Re: [OPE-L] SV: [OPE-L] what is irrational in the functioning of capitalism?

From: Dogan Goecmen (Dogangoecmen@AOL.COM)
Date: Tue Nov 28 2006 - 06:21:48 EST

In einer eMail vom 28.11.2006 12:12:14 Westeuropäische Normalzeit schreibt  

---  Nicola Taylor <nmtayl@YAHOO.COM.AU> wrote:

>  ---------------------------------
> Goecmen wrote:
> "The  aim of capitalism is to produce as many wage
> labourers as possible and  put them on employment to
> exploit."
> Martin  replied:
> "The aim of the capitalist entrepreneur, I  believe,
> is
> accumulation of capital. Through this tendency,  more
> areas of human society has historically been
>  subsumed
> in a wagelabour relation over time. Ricardo was one
>  who made the accumulation of capital modus very
> explicit in his  Principles. I don't see that the
> ratio
> of wage  labourers-population is really as important
>  though".
Actually, I do not understand why  "labor" is
particularly important in the context of production  of
profit. Do we think that "surplus" cannot be produced
without labor?  But why can't we imagine a system of
production completely operated by  robots? In this
case, why can't we imagine the system producing  a
"surplus" and a market with prices of commodities with
a rate of  profits to boot. The question is, can we
make a logical claim that a system  of production
without labor will not be able to produce "surplus".
If  not, then there is a serious problem with Marx's
concept of "surplus  value". Cheers, ajit sinha
Ajit, surplus value theory is not unique to Marx. Rather it is one of the  
most central categories of political economy. If it was possible to produce  
value without labourers capitalists would have not employed workers at all. Your  
rhetorical question implies that production can take place without human 
beings.  If this is what you mean, this a science fiction. Regards, Dogan

> I agree  with Martin that the individual entrepreneur
> is concerned only with  capital accumulation - or
> from
> his/her perspective, making  money returns that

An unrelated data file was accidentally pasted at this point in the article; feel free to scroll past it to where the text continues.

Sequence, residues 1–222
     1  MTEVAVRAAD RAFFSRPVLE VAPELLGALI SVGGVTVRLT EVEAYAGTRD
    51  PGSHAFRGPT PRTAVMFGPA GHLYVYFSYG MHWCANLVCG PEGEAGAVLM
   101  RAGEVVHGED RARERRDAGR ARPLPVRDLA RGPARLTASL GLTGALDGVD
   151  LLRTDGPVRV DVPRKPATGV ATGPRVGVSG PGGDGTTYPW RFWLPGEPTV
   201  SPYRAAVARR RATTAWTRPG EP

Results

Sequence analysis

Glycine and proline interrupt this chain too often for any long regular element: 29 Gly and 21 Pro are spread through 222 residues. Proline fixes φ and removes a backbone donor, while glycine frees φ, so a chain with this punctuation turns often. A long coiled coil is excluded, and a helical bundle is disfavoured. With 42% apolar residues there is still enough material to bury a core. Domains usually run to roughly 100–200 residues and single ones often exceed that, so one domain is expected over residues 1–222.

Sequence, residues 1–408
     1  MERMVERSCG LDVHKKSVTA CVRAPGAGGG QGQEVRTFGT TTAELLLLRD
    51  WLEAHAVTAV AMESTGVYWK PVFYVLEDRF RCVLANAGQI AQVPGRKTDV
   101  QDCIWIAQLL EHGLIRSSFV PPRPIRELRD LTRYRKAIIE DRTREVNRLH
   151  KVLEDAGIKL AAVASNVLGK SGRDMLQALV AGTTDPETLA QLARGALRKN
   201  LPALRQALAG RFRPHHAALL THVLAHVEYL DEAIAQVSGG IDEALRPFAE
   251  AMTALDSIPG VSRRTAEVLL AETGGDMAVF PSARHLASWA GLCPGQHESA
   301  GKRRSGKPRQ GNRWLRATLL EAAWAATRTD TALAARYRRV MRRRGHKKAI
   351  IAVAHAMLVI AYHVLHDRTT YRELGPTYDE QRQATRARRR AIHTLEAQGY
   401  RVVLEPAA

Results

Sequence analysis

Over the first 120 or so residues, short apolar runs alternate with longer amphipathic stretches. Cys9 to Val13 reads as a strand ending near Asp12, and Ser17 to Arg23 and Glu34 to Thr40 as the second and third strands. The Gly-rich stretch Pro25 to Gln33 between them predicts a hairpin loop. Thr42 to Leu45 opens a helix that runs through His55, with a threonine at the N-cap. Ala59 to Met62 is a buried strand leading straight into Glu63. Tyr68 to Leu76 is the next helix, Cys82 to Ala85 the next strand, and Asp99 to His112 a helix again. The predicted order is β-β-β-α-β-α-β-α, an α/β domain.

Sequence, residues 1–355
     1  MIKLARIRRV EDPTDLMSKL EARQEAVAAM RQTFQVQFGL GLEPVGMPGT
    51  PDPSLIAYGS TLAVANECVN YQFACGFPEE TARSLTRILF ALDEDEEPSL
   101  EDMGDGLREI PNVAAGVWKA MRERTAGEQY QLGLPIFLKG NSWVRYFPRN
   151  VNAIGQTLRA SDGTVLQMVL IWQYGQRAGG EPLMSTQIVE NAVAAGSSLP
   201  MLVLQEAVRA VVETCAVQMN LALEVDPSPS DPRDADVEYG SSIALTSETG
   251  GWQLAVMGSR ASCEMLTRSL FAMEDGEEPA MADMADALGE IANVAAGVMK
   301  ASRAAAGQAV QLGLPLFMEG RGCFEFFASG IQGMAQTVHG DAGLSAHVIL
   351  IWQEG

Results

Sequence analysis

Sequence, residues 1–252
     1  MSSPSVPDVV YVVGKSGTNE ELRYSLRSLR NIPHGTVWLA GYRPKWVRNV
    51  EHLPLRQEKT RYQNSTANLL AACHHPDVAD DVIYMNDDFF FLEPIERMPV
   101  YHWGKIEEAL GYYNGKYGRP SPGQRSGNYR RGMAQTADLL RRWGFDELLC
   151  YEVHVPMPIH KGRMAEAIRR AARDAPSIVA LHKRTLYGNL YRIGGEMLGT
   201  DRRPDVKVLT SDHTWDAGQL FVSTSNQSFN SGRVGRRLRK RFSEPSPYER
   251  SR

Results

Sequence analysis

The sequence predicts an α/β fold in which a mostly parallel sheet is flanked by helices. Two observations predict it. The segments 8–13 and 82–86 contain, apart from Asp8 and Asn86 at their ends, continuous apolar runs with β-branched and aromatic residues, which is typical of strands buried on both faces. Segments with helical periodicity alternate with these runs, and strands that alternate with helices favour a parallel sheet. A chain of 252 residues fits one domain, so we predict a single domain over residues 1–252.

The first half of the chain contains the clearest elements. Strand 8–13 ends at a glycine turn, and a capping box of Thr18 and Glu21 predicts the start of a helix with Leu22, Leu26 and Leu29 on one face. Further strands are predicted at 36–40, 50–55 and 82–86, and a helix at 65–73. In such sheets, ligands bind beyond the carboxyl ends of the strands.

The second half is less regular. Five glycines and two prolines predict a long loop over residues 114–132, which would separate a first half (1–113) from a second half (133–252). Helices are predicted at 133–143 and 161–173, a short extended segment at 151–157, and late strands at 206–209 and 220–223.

> exceed
> costs.  I also agree with  Martin that the
> capitalist's
> concern is rational in that  'money profit' is
> necessary for the successful reproduction of  the
> firm
> in a capitalist system.  Now, to see how  capitalist
> rationality fosters a reserve army of the  unemployed
> one could consider, for example, the Nike
>  Corporation.
>  Desperate workers in Indonesia consitute a  huge
> reserve army of the unemployed, from whom Nike can
> pick  and choose wage labourers.  In Indonesia, those
> 'lucky' enough to  get a job are willing to work very
> long hours in appalling conditions  for very low
> wages.
>  Nike workers, however, are not the  buyers of the
> product, which is primarily sold in high-wage
>  countries (where employment is also relatively
> higher).  Further,  in high-wage countries the Nike
> corporation uses advertising  techniques to increase
> demand (hence prices) for their products.  These
> efforts to keep wages low and prices high have a
> further  effect in that Nike shares may be seen by
> speculators as a worthwhile  punt. The result is that
> Nike successfully reproduces (and  partially
> finances)
> itself.
> For the individual  capitalist/corporation, then,
> wage
> labour is merely a means to  an overriding end
> (capital
> accumulation).  If we accept  this end as rational
> *in
> so far* as it is necessary for  capitalist
> reproduction, then the incomplete subsumption of
>  labour under a wage system is also rational *to the
> extent* that it  assists firms to increase monetary
> returns and reproduce  themselves.
> Nicky
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